Just As I Thought

When market prices don’t work

Told ya so. This is how the price gouging system works. First, you raise your price higher and higher until people are shaken out of their inertia and begin to complain. Then, you bring it back down just far enough that they breathe a sigh of relief — but not down to where it began. Keep doing this periodically and eventually you’ll be selling gas for $3.00 a gallon and people will not only pay it willingly, they’ll be thankful that they’re not paying $3.50. Until 8 months later, when that’s what they are paying. All the while, the big oil companies are raking in obscene profits. And you and I can no longer afford anything because the price of oil drives up all other prices.

The annual record when adjusted for inflation is $2.50 a gallon, set in 1981, courtesy of the Arab oil embargo. Last year’s $2.47 average was the third-most-expensive year, according to the California Energy Commission, mainly driven up after Labor Day after Hurricane Katrina devastated Gulf Coast oil refineries.

Californians are now paying an average of $2.53 for a gallon of the cheapest grade of fuel. Last month, you could fill up for $2.16 in the South Bay.

The market “wants to go higher and the old records are vulnerable,” Tom Bentz, an oil broker in New York, told the Bloomberg News Service this week.

Meanwhile, oil companies are reporting record profits. Friday, Chevron reported a record $4.14 billion profit for the fourth quarter. Thursday, Shell reported a $2 billion profit.

[Mercury News]
Dammit, where are the electric cars? And when are we going to wean ourselves from oil? Or are we waiting for the huge, looming middle east war to cut off all supplies and force us into a societal collapse?

8 comments

  • Where does an electric car get its electricity from? If you’re going to have an electric world that doesn’t rely on oil, you’ll need to switch to atomic power (or air polluting coal).

    Oil prices are primarily controlled by OPEC, not American oil companies.

    Oil is a commodity in the truest sense of the word, absolutely governed by the rules of microeconomics.

    American oil companies may appear very profitable at the moment, but there have been times during the last 20 years when they were on the verge of bankruptcy because OPEC lowered the price of oil to a point below the production costs of fields owned by American oil companies. So, don’t get too angry at American oil companies for reaping profits under the current economic environment. What makes them profitable today can impoverish them, tomorrow.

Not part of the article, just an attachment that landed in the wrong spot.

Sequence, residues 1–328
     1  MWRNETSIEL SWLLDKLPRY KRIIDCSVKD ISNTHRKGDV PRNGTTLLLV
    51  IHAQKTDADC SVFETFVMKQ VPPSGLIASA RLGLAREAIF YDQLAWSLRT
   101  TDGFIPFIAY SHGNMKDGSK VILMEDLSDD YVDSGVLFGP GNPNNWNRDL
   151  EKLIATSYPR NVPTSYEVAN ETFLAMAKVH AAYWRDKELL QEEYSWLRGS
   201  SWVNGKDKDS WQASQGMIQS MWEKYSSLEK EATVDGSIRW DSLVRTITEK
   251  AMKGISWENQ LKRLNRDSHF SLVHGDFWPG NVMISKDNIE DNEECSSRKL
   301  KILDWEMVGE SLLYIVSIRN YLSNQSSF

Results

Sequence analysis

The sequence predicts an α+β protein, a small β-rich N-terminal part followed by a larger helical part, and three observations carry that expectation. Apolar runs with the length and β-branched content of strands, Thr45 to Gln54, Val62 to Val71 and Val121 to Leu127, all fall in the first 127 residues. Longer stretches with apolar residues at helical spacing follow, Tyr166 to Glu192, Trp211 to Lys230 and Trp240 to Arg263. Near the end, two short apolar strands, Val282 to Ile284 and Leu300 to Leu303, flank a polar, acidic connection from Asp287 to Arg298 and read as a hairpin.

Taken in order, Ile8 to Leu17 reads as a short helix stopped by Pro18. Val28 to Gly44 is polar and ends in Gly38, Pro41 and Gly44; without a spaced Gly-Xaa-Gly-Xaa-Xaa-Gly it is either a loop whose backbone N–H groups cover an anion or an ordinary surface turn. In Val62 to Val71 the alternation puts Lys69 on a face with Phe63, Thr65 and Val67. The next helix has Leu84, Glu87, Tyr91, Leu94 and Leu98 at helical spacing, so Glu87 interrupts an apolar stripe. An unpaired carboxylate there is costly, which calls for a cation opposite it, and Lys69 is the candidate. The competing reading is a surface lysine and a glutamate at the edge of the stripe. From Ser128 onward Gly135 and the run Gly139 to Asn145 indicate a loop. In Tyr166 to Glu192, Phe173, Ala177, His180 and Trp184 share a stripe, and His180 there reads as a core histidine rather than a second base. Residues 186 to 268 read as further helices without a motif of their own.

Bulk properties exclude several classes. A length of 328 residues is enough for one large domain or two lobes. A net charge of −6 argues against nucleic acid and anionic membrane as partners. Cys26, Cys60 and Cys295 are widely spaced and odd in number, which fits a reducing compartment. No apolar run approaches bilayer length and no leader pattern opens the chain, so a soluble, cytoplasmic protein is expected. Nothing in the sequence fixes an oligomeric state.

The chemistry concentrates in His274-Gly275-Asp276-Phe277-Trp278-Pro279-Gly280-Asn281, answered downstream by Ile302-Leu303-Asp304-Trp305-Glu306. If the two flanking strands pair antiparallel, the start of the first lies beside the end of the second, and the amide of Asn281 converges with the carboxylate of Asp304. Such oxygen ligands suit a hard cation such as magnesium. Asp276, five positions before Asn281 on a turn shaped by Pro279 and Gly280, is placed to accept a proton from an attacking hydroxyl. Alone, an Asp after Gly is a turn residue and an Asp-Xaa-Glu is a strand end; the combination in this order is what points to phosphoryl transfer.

If there’s anyone you should be upset with, it’s the Arabs. Not only do they mess with world oil supplies, sending shock waves through world economies, they also take some of those profits and funnel them to the likes of al Queda, Hammas (now a “legitimate” “political” “organization”), Islamic Jihad, and Hezbolah.

  • All true. I suppose what I’m most angry about is the seeming lack of forward thinking. If Chevron has $14 billion in profits this quarter — just THIS QUARTER — wouldn’t it be brilliant if they put just half of that into bringing alternative energies to market? Just one half of one quarter’s PROFITS, not revenues, and that would be more than anyone else seems to be spending on new sources of energy. For instance: $7,000,000,000, half of that quarterly profit, would pay for solar panels on 280,000 homes. That would replace an awful lot of oil for a long time, cut a huge amount of pollution, and charge our non-existent electric cars. If the Arabs are funneling profits to people who want to destroy us, we should funnel profits toward eliminating our dependence on them.

  • I haven’t yet seen any evidence that electric cars are either. A. Cheaper to operate or B. Consume any less energy. And until that evidence exists I don’t see them replacing the internal combustion engine anytime soon.

    It would be easy enough to get people to switch to smaller more fuel efficient cars by taxing city cars based on engine size. 1.5 and 2 liter cars are fine in the big cities.